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Don’t wait to wade!

When I think of fly fishing, my mind often conjures up the iconic image from “A River Runs Through It”: the elegant overhead casting of a dry fly in the middle of a picturesque river. However, upon joining the Santa Cruz club about five years ago, I was surprised to discover that river fishouts had become a rarity. I was told that these outings used to be more common, but as time passed, the interest dwindled, and the club aged.  Recently, we’ve experienced an influx of new members, and with their arrival, several new river fishouts have been organized. I’ve just returned from one on the upper Sac, and I’m reminded of the beauty and serenity of wading in a river.

Wading is good for your soul if you have good soles

Imagine my shock when I found the rocks in the upper Sac to be exceptionally slippery. For the past three years, I’ve relied on Vibram-sole wading boots for my angling adventures on rivers like the Stanislaus, Truckee, Putah, Firehole, and San Lorenzo with little trouble. However, during our upper Sac fishout, seven club members, all wearing Vibram-soled boots, took unexpected dips into the river. The following day, I replaced my Vibram soles with felt, and the difference in traction was remarkable. I was taken aback by the discrepancy, especially since fishing gear advertisements and videos often promote rubber soles as the modern choice, portraying felt soles as outdated. While there are places that ban felt soles due to environmental concerns, California isn’t one of them, and we frequently encounter slippery algae and granite here. I strongly urge you to prioritize the best traction boots available when wading. Below is a chart I sourced from Korkers’ website, illustrating the types of soles and their effectiveness on various surfaces.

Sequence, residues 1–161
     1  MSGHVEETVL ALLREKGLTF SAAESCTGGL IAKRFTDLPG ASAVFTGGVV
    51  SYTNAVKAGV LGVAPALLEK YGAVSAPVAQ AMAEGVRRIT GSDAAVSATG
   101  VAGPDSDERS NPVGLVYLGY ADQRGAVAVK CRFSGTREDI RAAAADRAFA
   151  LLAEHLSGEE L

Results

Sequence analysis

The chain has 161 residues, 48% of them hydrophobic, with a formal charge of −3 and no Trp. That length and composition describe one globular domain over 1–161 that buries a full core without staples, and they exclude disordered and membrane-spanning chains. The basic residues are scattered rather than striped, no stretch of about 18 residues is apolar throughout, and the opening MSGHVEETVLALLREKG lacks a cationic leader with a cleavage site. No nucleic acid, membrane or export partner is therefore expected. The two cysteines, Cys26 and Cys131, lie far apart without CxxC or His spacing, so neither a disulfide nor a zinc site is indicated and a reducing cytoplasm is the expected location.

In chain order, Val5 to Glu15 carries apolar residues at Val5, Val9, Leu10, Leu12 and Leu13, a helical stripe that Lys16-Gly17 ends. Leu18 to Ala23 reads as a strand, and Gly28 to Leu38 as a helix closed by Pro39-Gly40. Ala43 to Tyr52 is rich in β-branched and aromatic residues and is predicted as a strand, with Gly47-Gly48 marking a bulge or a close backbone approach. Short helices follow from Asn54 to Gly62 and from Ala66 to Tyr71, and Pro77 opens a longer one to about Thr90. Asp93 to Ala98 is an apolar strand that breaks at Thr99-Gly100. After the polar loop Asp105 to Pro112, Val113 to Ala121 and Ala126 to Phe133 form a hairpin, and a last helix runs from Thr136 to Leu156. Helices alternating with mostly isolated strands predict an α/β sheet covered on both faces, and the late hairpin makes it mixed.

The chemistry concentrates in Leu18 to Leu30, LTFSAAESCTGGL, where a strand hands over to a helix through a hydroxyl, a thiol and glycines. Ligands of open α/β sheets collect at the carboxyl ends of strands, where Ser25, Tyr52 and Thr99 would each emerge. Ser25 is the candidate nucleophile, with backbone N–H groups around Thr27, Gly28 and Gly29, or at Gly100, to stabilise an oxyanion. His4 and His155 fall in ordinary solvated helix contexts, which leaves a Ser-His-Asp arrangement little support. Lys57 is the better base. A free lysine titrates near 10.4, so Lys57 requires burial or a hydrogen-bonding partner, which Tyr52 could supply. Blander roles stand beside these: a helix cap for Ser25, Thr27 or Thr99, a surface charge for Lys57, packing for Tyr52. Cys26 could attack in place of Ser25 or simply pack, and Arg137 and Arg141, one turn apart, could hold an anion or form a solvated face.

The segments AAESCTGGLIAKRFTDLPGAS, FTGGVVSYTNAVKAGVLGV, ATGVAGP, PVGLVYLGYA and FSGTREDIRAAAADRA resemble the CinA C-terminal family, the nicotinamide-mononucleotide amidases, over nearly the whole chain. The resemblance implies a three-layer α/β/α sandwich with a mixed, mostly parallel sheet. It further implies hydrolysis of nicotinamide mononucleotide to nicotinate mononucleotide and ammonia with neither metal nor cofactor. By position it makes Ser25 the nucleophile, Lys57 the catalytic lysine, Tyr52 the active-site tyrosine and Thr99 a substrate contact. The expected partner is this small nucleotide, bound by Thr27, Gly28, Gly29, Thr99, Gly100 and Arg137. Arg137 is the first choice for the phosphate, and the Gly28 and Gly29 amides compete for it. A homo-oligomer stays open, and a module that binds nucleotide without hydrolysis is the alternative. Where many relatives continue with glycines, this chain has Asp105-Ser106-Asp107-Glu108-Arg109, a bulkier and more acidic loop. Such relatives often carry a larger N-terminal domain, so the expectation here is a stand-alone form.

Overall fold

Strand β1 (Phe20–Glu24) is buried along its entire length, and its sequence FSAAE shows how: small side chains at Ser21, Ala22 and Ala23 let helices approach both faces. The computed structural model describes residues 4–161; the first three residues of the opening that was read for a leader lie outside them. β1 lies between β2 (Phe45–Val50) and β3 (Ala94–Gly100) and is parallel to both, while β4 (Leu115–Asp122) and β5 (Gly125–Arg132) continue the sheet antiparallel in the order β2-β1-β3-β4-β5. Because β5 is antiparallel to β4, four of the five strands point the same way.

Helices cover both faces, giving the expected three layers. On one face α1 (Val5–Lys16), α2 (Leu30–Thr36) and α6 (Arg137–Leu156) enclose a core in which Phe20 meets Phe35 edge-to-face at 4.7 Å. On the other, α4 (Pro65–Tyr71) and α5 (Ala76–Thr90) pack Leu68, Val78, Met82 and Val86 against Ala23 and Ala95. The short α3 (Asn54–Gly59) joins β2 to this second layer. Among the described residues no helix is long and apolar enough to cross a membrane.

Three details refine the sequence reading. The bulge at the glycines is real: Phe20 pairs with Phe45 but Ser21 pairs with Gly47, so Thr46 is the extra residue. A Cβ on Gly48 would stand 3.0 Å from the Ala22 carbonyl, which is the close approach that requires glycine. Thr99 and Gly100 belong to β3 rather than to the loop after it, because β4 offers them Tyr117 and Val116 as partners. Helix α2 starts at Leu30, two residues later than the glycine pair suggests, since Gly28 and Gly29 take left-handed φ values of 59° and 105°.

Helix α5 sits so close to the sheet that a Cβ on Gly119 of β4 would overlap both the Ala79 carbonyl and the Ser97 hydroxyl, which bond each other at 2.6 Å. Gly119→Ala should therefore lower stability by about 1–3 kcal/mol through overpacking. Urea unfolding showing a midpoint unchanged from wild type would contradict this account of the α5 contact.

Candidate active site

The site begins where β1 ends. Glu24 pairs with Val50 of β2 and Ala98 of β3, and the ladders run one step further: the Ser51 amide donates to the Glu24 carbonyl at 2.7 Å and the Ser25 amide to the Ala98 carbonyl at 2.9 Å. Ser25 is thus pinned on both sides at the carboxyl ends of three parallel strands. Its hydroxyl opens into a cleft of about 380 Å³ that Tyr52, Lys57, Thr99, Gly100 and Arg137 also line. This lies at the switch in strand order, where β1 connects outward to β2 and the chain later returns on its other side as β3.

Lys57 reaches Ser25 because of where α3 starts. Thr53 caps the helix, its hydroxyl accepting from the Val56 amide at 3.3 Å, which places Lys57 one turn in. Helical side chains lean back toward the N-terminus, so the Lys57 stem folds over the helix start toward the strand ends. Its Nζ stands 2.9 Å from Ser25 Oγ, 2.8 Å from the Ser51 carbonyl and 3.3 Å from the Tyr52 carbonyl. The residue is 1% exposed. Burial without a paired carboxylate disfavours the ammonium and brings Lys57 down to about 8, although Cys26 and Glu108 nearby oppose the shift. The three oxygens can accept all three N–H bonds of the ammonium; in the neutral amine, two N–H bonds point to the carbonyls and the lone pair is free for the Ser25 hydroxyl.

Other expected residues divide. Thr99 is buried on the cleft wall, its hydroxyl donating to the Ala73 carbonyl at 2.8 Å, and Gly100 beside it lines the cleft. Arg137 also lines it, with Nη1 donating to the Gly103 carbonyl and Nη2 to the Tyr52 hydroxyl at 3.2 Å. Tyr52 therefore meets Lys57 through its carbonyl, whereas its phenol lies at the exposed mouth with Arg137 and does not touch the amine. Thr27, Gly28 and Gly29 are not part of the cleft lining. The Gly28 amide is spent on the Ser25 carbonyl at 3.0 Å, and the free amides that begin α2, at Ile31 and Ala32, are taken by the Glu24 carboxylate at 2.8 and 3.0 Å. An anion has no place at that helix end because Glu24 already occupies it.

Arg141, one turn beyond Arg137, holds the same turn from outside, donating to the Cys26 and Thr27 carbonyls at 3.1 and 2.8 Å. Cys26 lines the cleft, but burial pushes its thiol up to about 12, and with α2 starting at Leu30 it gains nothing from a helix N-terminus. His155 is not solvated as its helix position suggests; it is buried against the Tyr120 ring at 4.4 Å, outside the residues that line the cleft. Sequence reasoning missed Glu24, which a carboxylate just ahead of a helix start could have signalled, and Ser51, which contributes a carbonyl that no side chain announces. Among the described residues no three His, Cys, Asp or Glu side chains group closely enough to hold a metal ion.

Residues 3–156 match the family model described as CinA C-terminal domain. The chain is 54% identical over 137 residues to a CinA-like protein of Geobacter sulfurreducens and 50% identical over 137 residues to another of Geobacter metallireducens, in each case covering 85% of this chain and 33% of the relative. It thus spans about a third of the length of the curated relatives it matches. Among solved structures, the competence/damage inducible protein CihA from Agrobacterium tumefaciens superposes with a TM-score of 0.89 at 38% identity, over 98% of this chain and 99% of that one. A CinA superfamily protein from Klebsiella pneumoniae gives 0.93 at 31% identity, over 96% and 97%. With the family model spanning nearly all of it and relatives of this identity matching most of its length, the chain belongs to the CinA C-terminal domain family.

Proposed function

Remember, traction matters, as does balance

My earliest fly fishing experiences were on streams where I could quickly move along the banks of small mountain creeks. However, the upper Sac fishout was a stark reminder that stream fishing can be more challenging than I recall. It’s not merely a lapse in memory; walking on streams becomes increasingly challenging with age. I’ve attached a graph depicting a simple balance test and its correlation with “perceived age.” As you can see, there’s a notable decline after reaching 40 years of age.

Now, I’m no expert in wade fishing, so if you require detailed information about equipment, you can seek advice from the club via Google Groups or visit a fly fishing shop for proper gear setup. However, here are some safety items I personally use: a wading belt, a wading staff, a whistle, a walkie-talkie, a cell phone, and a fishing partner.

My ultimate advice: don’t wait

This is counsel I’m personally taking to heart. My plan is to embark on more river fishing trips and maintain my physical fitness. Hopefully, I’ll continue to enjoy fishing from a boat or float tube when wading becomes more challenging. And for our younger club members, I encourage you to seize your “River Runs Through It” experience as soon as possible.

Wishing you great fishing adventures this October,

Scott Kitayama President, Santa Cruz Fly Fishing Club